(This essay originally appeared on the Mid-America Mural Project blog in 2013.
There is one more story (and one more mural) to share about our project in Arkadelphia. Early during our visit there, while we were still trying to untangle the mysteries of what kudzu covered beasts lurked behind our temporary home, and the many shaded meanings embodied in the common phrase ‘bless your heart,’ we were introduced to the remarkable artwork of Sammy Landers. Jane Lucas, Executive Director of Group Living Inc., took us on a tour of Landers' work displayed downtown, including a quick stop to meet the artist himself and a peek at an archive of his drawings from the last twenty years.
Sammy, who has autism, has been a client at Group Living and the Arkadelphia Human Development Center for most of his life. He doesn't like to talk much so Mariela Crockett, who works with Sammy, was kind enough to share some of his background. She said that Sammy came to Arkadelphia as a teenager from his home in Hughes, Arkansas. While he still had family there, Sammy would make periodic visits home, returning with incredible drawings that people started to take notice of.
Landers’ best-known works are instantly recognizable, boldly stylized, and beautifully colored drawings that defy easy categorization. Often depicting pairs of fantastic figures with symmetrical features and elaborate outfits, they look at once like cousins to Transformers and iconic figures from an unknown ancient culture. After a 1997 tornado partially destroyed the apartment he was living in, the figures pretty much disappeared and he became focused on highly detailed renderings of buildings.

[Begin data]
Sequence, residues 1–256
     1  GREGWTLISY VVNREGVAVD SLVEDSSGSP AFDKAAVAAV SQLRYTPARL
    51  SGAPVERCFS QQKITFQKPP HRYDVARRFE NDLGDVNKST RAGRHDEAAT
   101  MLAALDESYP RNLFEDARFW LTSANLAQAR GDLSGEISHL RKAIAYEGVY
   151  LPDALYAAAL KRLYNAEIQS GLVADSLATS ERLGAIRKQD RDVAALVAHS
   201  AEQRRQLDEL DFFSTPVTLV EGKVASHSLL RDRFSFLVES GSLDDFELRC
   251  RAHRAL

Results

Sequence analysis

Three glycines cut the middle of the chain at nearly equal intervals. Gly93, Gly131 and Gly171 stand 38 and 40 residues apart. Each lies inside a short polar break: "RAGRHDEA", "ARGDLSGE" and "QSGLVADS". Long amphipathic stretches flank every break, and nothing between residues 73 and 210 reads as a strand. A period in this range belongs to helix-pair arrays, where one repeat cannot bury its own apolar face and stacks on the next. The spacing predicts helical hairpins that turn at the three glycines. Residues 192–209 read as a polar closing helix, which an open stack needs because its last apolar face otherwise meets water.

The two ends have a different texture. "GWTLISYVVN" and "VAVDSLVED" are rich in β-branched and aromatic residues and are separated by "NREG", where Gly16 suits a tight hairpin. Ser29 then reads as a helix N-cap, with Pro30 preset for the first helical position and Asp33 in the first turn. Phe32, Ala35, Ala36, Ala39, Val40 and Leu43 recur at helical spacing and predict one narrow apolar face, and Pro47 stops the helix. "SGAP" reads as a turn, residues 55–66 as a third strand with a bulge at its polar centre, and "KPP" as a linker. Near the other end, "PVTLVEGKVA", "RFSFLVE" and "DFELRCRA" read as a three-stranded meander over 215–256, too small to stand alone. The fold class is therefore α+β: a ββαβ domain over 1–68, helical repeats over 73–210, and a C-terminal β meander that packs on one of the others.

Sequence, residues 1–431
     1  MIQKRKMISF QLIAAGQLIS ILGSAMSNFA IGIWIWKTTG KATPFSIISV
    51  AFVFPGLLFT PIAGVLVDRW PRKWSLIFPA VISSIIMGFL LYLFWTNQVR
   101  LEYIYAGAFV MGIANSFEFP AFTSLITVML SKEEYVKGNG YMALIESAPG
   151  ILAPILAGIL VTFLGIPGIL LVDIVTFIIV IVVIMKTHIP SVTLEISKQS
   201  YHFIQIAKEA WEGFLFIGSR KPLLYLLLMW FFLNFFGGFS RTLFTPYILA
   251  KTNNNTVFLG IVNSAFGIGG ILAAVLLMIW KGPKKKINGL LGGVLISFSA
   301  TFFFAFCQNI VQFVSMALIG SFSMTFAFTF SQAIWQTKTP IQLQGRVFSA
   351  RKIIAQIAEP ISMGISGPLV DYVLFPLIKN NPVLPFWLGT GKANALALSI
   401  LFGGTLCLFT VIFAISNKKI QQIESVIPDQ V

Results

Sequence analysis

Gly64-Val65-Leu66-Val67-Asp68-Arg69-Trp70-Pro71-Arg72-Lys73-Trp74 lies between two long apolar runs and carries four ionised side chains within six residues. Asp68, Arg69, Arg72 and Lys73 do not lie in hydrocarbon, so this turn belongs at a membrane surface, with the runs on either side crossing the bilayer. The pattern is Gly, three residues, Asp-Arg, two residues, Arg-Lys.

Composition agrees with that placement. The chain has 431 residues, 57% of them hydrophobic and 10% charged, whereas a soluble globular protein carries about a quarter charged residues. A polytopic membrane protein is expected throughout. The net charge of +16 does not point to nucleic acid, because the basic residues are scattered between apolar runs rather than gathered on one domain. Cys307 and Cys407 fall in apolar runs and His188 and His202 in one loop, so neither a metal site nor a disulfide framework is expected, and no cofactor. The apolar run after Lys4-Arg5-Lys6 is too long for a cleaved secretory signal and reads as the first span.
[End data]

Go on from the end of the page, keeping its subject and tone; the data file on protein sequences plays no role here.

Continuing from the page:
Made on common sketch-pad paper, his drawings are tightly rendered using drafting tools, colored with carefully applied layers of crayon and then scrapped through to create deep and luminous textures. Viewing dozens of Sammy’s drawings laid out next to each other in the Group Living offices, I started to see the many characters as the cast of a grand costume drama, maybe a fable, where a young boy and girl encounter a series of trials along an epic journey.
I was inspired by Sammy’s work and I wondered how we might shine a light on it for the broader community to enjoy. During our stay, I talked with Jane and Mariela about how to do this. Sammy had had exhibitions and many people owned his drawings, but there were many more who were unaware of his art. What if we were to reproduce one of his drawings as a small mural outside of his studio on Main Street, I asked. Would he like that? Yes! he would be thrilled, they said.
It was difficult for us to decide which drawing to recreate. There were hundreds, including his characteristic figures, buildings, and even a few landscapes with ‘okra trees’ as they’ve come to be known. In the end, we chose a drawing hanging in the Group Living offices that showed a family of four figures as opposed to his usual pairs, including one with an umbrella that people have come to refer to as Sammy’s “Mary Poppins.” This drawing also had an uncharacteristically well-developed background made from an interlaced pattern of colored shapes – perfect for a mural.
As the outline of the mural started to go up, we asked Sammy to come out and have a look. He recognized it immediately as his work and said emphatically “Keep it there.” With that clear approval, we went into overdrive to finish it in the day and a half we had left in town.
Long story short, Arkadelphia has two new murals, one a community-wide project and the other, just down the street, in appreciation of the great Sammy Landers.